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United States Department of Agriculture

Agricultural Research Service

Title: The Differential Response of Transpiration and Bare-Soil Evaporation to Precipitation in a Chihuahuan Desert Shrubland 1642

Authors
item SCOTT, RUSSELL
item Cable, William

Submitted to: Biodiversity & Management of the Madrean Archipelago Conference Proceedings
Publication Type: Abstract Only
Publication Acceptance Date: August 5, 2004
Publication Date: August 23, 2004
Citation: Scott, R.L., Cable, W.L. 2004. The differential response of transpiration and bare-soil evaporation to precipitation in a chihuahuan desert shrubland. 26th Conference on Agricultural and Forest Meteorology, American Meteorological Society, 23 —27 August, Vancouver, BC, Canada.

Interpretive Summary: In general the coupled response of bare soil evaporation and plant transpiration following precipitation pulses is not well understood in most ecosystems. To better understand how precipitation is partitioned into evaporation and transpiration following natural precipitation events we measured whole plant transpiration and evapotranspiration at a semiarid Chihuahuan desert shrubland site in southeastern Arizona. Whole plant transpiration was measured using the heat balance sap flow technique, while evapotranspiration was measured using both the eddy covariance and the Bowen ratio technique. We note that eddy covariance and bowen ratio estimates of turbulent heat fluxes and net ecosystem carbon dioxide differed considerably. To estimate ecosystem-scale transpiration, sap flow measurements were scaled up using a survey of stem density for the site. During dry periods when evaporation would have been minimal we found good agreement between estimates of evapotranspiration and sap flow estimates of transpiration further validating our scaling approach. Before the monsoon season began, transpiration was near zero as was evaporation. At the start of the mid-summer rainy season, evapotranspiration was dominated by evaporation as it took approximately ten days for the plants to respond to the precipitation input. Following this initial period, periods immediately following rain events (< 2 days) were dominated by evaporation while interstorm periods were dominated by transpiration. The surface of the coarse, well-drained soils dried quickly which rapidly reduced evaporation. Our data suggest that the partitioning of precipitation inputs in this ecosystem is very dynamic and would be missed by simply measuring whole ecosystem evapotranspiration alone.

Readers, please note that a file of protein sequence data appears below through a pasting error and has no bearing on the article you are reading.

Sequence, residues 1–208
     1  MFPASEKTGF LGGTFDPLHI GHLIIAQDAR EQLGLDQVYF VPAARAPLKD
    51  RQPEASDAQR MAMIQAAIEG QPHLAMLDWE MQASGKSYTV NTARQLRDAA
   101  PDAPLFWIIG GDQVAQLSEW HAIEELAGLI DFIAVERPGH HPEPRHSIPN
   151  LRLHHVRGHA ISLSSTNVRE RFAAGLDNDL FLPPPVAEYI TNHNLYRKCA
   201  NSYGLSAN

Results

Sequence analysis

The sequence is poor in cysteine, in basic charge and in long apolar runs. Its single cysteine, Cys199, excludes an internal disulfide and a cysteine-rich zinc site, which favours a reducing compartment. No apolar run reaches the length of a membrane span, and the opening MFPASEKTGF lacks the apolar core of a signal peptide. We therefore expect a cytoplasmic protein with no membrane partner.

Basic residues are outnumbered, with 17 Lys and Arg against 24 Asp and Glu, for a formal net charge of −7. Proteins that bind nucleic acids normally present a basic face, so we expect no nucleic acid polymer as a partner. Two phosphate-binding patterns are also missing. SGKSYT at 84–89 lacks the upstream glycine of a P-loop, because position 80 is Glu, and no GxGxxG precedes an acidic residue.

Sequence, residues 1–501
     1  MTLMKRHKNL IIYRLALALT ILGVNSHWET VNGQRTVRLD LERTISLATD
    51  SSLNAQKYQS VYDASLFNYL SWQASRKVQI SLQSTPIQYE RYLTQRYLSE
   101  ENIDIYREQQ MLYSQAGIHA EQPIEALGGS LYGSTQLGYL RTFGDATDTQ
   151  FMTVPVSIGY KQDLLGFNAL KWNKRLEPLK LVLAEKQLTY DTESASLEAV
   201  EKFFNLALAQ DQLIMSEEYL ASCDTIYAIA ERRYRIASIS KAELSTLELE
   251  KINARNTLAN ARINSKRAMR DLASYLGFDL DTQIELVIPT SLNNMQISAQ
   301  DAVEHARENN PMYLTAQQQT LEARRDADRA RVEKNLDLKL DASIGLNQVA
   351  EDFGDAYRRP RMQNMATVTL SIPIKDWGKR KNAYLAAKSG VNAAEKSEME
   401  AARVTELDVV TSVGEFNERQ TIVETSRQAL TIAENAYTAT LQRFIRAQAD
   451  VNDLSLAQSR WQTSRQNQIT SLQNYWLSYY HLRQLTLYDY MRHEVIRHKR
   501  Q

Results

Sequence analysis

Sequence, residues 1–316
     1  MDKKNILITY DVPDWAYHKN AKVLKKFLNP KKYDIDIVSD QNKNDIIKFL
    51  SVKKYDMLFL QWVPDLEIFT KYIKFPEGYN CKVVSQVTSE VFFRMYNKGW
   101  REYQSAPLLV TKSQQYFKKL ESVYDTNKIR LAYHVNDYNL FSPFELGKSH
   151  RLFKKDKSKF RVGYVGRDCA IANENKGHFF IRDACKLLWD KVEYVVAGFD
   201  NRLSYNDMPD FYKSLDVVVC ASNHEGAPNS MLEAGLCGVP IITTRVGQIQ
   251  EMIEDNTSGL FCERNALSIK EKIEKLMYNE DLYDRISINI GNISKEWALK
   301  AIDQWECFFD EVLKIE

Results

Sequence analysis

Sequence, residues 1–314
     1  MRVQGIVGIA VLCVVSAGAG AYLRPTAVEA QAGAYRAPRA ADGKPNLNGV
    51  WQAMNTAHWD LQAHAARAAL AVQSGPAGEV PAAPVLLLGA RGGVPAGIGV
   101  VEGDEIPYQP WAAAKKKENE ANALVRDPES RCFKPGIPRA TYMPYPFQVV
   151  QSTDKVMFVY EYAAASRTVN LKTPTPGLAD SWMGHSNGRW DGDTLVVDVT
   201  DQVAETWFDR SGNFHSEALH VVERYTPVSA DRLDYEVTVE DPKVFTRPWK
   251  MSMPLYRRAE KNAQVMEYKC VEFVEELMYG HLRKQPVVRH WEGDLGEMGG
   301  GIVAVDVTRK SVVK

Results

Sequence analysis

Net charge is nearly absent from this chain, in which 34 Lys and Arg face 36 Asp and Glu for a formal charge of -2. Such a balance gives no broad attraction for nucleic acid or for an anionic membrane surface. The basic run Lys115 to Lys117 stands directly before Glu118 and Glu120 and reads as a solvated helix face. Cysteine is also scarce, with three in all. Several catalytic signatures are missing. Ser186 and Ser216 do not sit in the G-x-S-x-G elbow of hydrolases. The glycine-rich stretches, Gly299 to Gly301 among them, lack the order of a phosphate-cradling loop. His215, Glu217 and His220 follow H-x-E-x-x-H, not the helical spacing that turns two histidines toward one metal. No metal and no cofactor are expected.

Technical Abstract: In general the coupled response of bare soil evaporation and plant transpiration following precipitation pulses is not well understood in most ecosystems. To better understand how precipitation is partitioned into evaporation and transpiration following natural precipitation events we measured whole plant transpiration and evapotranspiration at a semiarid Chihuahuan desert shrubland site in southeastern Arizona. Whole plant transpiration was measured using the heat balance sap flow technique, while evapotranspiration was measured using both the eddy covariance and the Bowen ratio technique. We note that eddy covariance and bowen ratio estimates of turbulent heat fluxes and net ecosystem carbon dioxide differed considerably. To estimate ecosystem-scale transpiration, sap flow measurements were scaled up using a survey of stem density for the site. During dry periods when evaporation would have been minimal we found good agreement between estimates of evapotranspiration and sap flow estimates of transpiration further validating our scaling approach. Before the monsoon season began, transpiration was near zero as was evaporation. At the start of the mid-summer rainy season, evapotranspiration was dominated by evaporation as it took approximately ten days for the plants to respond to the precipitation input. Following this initial period, periods immediately following rain events (< 2 days) were dominated by evaporation while interstorm periods were dominated by transpiration. The surface of the coarse, well-drained soils dried quickly which rapidly reduced evaporation. Our data suggest that the partitioning of precipitation inputs in this ecosystem is very dynamic and would be missed by simply measuring whole ecosystem evapotranspiration alone.

Last Modified: 9/10/2014
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